Uddrag af rapport fra en fuldmægtig i Odessa om forholdene i retssystemet – Juni 1932
One of the crudest violations of revolutionary legality has to do with housing policies of the Odessa City Council. In February 1932, when oblasts were organized in Ukraine, Odessa become oblast center, and space was needed to accommodate newly created oblast organizations and incoming staff. In dealing with this matter, local organisation blatantly ignored existing housing legislation, basing their actions on the applicability condemned by Lenin – of a separate, “Kaluga” law because of alleged unusual local circumstances. The established order of evicting and resettling workers by legal procedure (with the exception of those instances strictly defined by law) was countermanded by Odessa’s leaders. Instead evictions and resettlement by administrative fiat were instituted. Class distinctions were totally disregarded, workers; specialists; scholars; and others toilers subject to eviction were treated arbitrarily and crudely in spate of privilege guaranteed them under the law. Eviction took place immediately after sought-out “objectives,” i.e., rooms or apartments, had been found, and often people were resettle in housing that was clearly unsuitable….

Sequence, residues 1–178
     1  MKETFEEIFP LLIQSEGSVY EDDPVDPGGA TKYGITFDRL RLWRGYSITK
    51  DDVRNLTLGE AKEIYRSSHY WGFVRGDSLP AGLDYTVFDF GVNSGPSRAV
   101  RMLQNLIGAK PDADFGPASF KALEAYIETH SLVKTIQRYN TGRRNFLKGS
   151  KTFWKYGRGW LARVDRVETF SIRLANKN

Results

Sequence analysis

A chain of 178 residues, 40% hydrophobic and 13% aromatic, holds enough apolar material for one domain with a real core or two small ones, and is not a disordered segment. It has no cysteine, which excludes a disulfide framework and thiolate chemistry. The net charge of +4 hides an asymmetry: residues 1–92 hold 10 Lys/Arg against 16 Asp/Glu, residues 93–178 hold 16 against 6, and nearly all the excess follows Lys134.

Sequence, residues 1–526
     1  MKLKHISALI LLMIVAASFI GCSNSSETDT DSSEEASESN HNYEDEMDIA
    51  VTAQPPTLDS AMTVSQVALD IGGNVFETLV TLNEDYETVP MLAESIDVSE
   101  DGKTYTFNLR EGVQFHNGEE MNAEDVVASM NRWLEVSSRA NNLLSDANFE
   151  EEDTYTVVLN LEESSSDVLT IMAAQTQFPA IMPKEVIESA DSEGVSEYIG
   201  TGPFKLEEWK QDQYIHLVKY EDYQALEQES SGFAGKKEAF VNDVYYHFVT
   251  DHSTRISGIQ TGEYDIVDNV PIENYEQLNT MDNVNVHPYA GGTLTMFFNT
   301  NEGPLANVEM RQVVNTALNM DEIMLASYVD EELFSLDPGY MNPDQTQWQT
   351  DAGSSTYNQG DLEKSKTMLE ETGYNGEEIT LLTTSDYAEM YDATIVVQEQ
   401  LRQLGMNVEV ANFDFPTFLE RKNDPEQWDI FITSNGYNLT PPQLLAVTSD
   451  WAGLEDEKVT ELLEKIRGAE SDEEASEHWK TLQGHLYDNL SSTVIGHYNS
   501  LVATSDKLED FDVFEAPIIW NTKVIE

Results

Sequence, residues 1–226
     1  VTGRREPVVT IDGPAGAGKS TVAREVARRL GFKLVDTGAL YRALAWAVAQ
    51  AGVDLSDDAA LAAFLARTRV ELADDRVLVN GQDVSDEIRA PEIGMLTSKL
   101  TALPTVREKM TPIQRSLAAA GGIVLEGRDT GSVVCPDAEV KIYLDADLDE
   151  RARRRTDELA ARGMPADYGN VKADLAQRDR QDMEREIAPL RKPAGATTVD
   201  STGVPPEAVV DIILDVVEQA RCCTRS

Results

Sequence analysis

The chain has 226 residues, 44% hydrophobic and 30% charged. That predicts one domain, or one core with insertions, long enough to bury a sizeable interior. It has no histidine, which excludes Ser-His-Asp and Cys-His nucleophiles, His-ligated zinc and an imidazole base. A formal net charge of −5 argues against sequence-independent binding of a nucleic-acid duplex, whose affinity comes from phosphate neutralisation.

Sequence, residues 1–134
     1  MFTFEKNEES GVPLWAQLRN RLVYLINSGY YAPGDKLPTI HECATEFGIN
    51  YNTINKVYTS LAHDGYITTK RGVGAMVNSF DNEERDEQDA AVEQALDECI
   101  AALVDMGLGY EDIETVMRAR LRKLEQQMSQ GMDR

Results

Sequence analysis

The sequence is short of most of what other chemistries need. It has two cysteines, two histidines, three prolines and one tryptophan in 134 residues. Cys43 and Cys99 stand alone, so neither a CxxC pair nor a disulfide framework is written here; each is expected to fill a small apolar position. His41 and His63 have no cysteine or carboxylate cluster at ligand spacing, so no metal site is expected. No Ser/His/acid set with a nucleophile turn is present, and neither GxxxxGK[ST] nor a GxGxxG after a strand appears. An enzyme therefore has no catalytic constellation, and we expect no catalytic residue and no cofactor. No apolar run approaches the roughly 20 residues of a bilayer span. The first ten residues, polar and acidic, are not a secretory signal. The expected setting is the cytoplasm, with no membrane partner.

An example demonstrating how the Odessa officials cast aside all restraint is their system o f ”bonus awards” for finding an “objective” leading to eviction, the “award” being some of the rooms from which others had been evicted . (An example of eviction paid for with a bribe is cited.) To sum up, the bacchanalia of administrative evictions continued for several months in Odessa. Thousands of working people were resettled. The procurator’s office, RKI, and city council received a mass of complaints about illegal resettlements and corrupt practices. However, the local (party) organization failed to respond to this in any way. Only after Pravda published TsKVKP(b)’s resolution of 14 April containing details about how the Rostov City Council had tempered with housing policy did the “zeal” of the Odessa administrators abate somewhat. (Discussions follow about how this campaign was never condemned, about any attempt to save face by blaming “switchmen,” and about ho the campaign in fact continued but failed to archive its object of accommodating incoming staff members. Many of the latter continued to live in hotels, the local nomenklatura cleverly using the campaign to their own advantage.)
Kilde: Siegelbaum, Lewis og Sokolov, Andrei: Stalinism as a Way of Life, Yale 2000, side 121.